The Scout's and King's African Rifles Uniforms [Photographs]
The top photograph shows members of a South African scout troop specifically for blind adolescents and young men c.1950. The bottom photograph is of non-commissioned officers from the King's African Rifles in the mid-1950s. Note that both groups wear similar clothing consisting of khaki shirt and shorts, knee-length socks, clasp belts, and wide brimmed hats. The similarities are not accidental. Baden Powell based the scout uniform on the uniform of the South African Constabulary, a paramilitary police organization he founded after the Anglo-South African War. British colonial military and police forces throughout the world wore similar khaki clothing.
Although scouting had its own specific badges and insignia, the African civilian population understandably had a difficult time distinguishing Boy Scouts from soldiers and policemen. This allowed scouts and men and boys dressed as scouts to pose as policemen and other representatives of the colonial state. Scout leaders and government officials were understandably concerned and upset by this misappropriation of the scout uniform.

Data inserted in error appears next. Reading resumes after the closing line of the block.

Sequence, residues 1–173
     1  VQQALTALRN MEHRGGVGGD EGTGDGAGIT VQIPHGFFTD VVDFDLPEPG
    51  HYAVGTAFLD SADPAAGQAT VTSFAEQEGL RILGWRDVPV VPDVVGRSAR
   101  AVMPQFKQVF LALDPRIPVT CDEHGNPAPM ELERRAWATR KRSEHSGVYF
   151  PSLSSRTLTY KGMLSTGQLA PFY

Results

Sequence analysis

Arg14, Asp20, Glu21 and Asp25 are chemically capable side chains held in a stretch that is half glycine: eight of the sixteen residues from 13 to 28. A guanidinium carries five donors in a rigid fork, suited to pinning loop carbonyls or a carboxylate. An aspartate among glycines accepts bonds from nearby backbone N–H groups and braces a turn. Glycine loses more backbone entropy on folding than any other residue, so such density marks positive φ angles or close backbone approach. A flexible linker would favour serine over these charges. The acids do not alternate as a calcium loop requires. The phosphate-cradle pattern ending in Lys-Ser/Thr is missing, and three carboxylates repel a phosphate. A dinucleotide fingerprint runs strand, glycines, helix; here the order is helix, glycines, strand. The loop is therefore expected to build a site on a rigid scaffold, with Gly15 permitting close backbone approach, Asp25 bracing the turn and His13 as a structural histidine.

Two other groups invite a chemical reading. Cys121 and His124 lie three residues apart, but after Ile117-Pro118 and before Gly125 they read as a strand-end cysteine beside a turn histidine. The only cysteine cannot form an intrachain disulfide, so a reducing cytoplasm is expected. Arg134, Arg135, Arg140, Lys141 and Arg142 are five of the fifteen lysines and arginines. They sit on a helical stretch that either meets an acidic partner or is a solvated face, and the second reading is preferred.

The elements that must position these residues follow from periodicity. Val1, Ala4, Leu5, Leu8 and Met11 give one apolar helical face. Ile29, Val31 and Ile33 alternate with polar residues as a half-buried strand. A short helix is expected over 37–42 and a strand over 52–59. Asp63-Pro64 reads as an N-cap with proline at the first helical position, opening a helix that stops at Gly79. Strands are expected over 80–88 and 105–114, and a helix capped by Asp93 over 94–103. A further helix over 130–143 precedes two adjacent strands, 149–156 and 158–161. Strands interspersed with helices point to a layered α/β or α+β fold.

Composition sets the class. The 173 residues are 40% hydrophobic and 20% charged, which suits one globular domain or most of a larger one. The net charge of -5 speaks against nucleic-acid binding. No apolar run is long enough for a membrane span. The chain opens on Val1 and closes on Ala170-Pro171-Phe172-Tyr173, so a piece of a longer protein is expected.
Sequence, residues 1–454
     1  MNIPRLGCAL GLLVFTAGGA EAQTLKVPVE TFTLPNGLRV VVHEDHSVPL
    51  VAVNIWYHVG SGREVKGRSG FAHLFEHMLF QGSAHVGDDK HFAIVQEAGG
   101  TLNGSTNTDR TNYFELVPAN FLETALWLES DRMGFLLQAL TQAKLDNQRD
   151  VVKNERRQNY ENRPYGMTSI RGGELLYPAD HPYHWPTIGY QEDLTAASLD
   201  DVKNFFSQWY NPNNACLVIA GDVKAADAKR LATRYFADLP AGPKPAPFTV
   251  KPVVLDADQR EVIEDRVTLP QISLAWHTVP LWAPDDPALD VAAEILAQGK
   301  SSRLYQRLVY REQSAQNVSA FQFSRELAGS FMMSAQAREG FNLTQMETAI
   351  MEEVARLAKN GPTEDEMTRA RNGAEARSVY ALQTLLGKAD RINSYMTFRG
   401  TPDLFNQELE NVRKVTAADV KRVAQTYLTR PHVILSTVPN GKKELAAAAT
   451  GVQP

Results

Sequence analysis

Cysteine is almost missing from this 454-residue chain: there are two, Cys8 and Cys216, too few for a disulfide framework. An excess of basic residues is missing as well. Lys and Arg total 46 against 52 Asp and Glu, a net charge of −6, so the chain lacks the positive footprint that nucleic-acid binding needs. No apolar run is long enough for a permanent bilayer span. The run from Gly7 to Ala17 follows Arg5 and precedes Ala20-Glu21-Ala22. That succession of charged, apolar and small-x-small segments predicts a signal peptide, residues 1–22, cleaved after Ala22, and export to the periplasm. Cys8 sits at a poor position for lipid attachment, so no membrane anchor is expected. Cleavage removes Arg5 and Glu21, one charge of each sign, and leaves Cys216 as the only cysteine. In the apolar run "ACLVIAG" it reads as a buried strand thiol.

[Top photo] Corbett (Thomas Godfrey Polson), Baron Rowallen Collection. National Library of Scotland, Edinburgh. [Bottom photograph] K13995. Imperial War Museum, London. Annotated by Tim Parsons.
How to Cite This Source
"The Scout's and King's African Rifles Uniforms [Photographs]," in Children and Youth in History, Item #101, http://chnm.gmu.edu/cyh/primary-sources/101 (accessed April 30, 2017). Annotated by Tim Parsons